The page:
As the end of each year approaches, our team of wealth strategists gives special emphasis to actions that can be taken before December 31st to minimize our clients’ tax burdens. Often, we coordinate this effort in conjunction with clients’ plans to contribute to causes they care about.
Generally, tax planning solutions revolve around either deferring income to future tax years, and/or accelerating deductions into the current tax year. Age, employment status and level of income are among the items that will determine the techniques that are available for income deferral.
On the other hand, there is usually more flexibility when it comes to managing deductions. A common deduction that many people take advantage of is the charitable deduction. For those who are charitably inclined, the current environment with relatively high levels of unrealized gains presents opportunities to meet your charitable goals while also improving the tax efficiency of your portfolio.
You may already be aware of a basic charitable gifting strategy that is used to improve tax efficiency: donating appreciated stock. By gifting stock rather than cash, you avoid realizing a taxable gain, and the charity can sell the stock with no tax consequences. The donor also receives a tax deduction for the full market value of the gift. We work with many of our taxable clients to simplify this process for them.
Explore the Benefits of Donor Advised Funds
You can further improve the tax efficiency of your charitable giving by establishing a “donor advised fund. A donor advised fund is a philanthropic account established at a public charity for the purpose of managing charitable donations for organizations and individuals. It allows the donor to make a charitable contribution, receive an immediate tax benefit, and then recommend grants to be disbursed to charities when you are ready.
You can think of a donor advised fund as a charitable savings account. The donor can make contributions to the fund as they would like and recommend grant disbursements as they see fit. Balances remaining inside the donor fund can be invested in a tax-free environment then disbursed to charities at a time of your choosing. Fortunately, the primary custodians that we work with all have charitable divisions or partners that sponsor donor advised funds.
The flexibility offered by a donor advised fund effectively separates the management and timing of taking charitable tax deductions from the actual disbursement of money to the charities. Since the taxable activity generated from your investment portfolio will vary from year to year, contributions to the donor advised fund can be altered or suspended depending on your tax situation. However, this does not affect your ability to continue sending grants from the donor fund to your supported charities each year. The timing of when and how much to take in charitable tax deductions can be better matched with your annual adjusted gross income.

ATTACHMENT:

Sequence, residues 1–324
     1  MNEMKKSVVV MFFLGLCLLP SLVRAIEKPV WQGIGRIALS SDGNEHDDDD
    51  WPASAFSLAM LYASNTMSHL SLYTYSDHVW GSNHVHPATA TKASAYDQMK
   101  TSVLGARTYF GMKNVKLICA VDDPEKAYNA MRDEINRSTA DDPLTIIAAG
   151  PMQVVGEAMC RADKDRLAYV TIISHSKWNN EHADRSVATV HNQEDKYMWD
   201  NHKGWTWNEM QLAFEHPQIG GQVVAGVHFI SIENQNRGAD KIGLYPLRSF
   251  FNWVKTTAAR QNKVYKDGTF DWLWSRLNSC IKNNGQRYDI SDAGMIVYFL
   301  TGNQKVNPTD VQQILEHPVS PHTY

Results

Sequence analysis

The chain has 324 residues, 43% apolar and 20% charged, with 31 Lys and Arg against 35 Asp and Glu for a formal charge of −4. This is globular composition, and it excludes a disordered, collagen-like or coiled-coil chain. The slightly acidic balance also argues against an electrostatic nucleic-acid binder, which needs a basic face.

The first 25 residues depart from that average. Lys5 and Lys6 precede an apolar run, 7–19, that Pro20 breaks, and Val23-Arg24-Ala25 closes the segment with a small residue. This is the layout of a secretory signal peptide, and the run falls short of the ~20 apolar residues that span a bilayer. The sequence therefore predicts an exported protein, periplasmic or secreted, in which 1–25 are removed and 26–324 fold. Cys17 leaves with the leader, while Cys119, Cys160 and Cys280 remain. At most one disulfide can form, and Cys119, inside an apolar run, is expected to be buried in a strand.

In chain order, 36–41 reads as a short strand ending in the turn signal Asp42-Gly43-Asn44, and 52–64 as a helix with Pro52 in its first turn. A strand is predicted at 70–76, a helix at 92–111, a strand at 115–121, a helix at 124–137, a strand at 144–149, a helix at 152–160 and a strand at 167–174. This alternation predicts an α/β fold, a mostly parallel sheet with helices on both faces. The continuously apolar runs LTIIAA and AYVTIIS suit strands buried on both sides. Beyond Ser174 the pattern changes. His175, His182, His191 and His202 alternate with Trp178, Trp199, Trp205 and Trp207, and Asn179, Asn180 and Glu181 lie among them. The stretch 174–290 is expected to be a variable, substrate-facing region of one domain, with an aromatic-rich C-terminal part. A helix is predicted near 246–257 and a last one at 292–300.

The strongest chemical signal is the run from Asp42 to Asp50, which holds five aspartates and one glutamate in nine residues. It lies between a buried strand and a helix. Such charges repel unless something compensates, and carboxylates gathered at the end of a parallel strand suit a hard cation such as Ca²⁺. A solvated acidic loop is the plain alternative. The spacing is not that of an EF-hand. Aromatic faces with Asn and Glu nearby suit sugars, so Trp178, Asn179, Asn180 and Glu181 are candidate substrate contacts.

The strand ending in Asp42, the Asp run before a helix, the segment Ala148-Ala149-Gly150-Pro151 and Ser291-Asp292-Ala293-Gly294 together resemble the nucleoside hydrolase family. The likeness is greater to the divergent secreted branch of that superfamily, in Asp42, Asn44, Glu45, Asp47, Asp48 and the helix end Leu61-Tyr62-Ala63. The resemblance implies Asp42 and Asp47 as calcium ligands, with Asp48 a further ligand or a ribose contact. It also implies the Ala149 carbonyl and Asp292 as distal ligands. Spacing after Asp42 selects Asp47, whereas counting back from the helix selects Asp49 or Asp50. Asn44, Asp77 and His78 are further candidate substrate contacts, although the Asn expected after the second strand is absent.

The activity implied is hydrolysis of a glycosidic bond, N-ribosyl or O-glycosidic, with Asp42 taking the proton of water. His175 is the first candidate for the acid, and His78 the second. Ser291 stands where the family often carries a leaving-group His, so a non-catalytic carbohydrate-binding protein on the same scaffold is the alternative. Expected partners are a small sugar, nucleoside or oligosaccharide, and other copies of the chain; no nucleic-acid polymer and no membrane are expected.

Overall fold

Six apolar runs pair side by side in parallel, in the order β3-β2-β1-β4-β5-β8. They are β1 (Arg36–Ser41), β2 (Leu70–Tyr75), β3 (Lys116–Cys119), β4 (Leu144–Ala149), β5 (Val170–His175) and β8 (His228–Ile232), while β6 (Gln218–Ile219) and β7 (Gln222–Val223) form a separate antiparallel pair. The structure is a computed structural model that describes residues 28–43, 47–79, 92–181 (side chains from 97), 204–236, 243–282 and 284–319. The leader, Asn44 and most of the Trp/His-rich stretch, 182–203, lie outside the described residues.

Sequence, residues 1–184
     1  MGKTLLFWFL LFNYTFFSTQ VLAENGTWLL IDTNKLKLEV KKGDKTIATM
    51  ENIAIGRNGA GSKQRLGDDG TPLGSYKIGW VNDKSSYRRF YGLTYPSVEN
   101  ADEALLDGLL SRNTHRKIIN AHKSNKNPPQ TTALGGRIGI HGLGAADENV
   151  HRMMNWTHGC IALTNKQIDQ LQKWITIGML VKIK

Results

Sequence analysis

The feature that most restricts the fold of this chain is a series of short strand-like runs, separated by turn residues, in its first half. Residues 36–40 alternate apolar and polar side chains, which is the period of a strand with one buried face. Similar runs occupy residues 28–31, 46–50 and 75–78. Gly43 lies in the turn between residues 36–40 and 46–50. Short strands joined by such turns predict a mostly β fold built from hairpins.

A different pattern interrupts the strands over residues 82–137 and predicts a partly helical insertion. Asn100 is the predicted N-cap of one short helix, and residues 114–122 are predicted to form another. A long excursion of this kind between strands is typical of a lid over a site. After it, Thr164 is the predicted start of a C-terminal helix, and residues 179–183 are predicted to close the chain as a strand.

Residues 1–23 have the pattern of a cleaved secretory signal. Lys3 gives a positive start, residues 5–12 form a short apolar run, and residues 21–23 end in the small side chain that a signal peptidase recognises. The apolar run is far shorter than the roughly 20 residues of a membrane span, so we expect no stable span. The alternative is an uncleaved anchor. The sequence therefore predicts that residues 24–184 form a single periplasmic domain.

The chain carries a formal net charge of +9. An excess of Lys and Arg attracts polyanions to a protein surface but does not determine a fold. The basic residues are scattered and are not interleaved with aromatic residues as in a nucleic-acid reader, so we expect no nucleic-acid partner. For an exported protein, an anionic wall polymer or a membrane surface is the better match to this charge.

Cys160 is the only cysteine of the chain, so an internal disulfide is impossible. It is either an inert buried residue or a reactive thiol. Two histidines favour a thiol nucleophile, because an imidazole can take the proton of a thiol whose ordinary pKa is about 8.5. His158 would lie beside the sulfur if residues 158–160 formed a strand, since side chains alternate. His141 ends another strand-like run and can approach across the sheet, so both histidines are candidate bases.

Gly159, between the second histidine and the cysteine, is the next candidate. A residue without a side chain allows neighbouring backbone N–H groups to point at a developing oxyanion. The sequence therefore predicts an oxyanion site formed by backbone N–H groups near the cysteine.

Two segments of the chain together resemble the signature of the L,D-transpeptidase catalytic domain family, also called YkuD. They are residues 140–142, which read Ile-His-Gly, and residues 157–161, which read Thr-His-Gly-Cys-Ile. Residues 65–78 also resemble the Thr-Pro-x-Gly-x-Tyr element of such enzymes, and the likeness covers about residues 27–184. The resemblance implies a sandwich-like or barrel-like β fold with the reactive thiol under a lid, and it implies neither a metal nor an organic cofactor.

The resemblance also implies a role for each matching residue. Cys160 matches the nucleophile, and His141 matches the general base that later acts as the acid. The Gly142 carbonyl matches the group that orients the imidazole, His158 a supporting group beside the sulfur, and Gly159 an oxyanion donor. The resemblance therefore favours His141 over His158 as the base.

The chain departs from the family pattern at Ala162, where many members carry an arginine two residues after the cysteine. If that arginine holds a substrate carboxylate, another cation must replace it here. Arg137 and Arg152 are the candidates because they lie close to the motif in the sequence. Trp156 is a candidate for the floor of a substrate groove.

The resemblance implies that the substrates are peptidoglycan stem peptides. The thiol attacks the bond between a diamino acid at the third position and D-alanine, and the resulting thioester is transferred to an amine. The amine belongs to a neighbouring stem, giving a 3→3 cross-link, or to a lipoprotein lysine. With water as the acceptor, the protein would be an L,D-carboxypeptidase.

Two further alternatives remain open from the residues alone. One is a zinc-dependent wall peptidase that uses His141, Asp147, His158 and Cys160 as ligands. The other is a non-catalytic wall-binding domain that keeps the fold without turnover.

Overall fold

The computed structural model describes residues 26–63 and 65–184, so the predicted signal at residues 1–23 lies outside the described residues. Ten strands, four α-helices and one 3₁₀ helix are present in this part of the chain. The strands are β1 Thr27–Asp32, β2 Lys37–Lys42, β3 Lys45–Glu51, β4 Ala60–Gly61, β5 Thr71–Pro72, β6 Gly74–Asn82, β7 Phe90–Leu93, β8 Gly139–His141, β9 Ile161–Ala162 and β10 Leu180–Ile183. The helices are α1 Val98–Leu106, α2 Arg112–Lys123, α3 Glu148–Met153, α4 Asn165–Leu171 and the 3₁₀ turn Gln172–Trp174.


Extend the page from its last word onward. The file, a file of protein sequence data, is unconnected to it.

Let’s Look at An Example
Suppose you routinely give a total of $5,000 each year to various charities, and there is a stock position in your portfolio that we have determined needs to be sold based on valuation. The stock has a market value of $30,000 and a cost basis of $10,000. If the position is sold, you would owe tax on the $20,000 gain.
An alternative strategy is to donate the stock position to the donor advised fund, which produces a charitable deduction of $30,000 for the year. Once transferred to the donor fund, the stock is sold with no tax consequence. You can then recommend grant disbursements that total $5,000 to the charities, and the remaining $25,000 balance in the donor fund can be reinvested.
You have in effect pre-funded five years’ worth of charitable contributions. If in the following year the stock market loses value and there is minimal taxable activity in the portfolio, you could find that you do not need to take charitable tax deductions to reduce your taxes. You can still recommend grant disbursements from the donor advised fund that total $5,000.
Although donor advised funds can provide taxpayers with additional flexibility in managing charitable tax deductions, they are not necessarily the best solution for everyone. In addition, the deductibility of charitable contributions is limited by the amount of adjusted gross income each year, so careful coordination with your CPA is needed to optimize the donor advised fund strategy.
Qualified Charitable Distributions
For retirees over the age of 70 ½, understanding Qualified Charitable Distributions (QCDs) and how they relate to Required Minimum Distributions (RMDs) can have a meaningful impact on your tax return, as well. A QCD is a cash gift from your IRA to a 501(c)(3) charity. Limited to $100,000 in value per year, making a QCD can count toward satisfying your RMD. (Note: QCDs cannot be sent to donor advised funds).
Reducing your income through a QCD may also reduce other incremental taxes and help avoid increases in Medicare premiums. With more taxpayers using the standard deduction and losing the tax advantages of traditional charitable contributions, QCD’s are an excellent way to reduce taxes through charitable giving.
If you do pursue a QCD, it’s critical to pay attention come tax time. When you receive your 1099-R form, the QCD will appear on the report as a normal distribution, making it taxable. You must tell your CPA / tax preparer about any charitable contributions you made with your RMD to reflect them accurately in your tax filing.
Whether you’re already taking advantage of these charitable contribution vehicles or would like to do so moving forward, talk to your CornerCap team as well as your CPA about the specifics of how these techniques apply to your situation.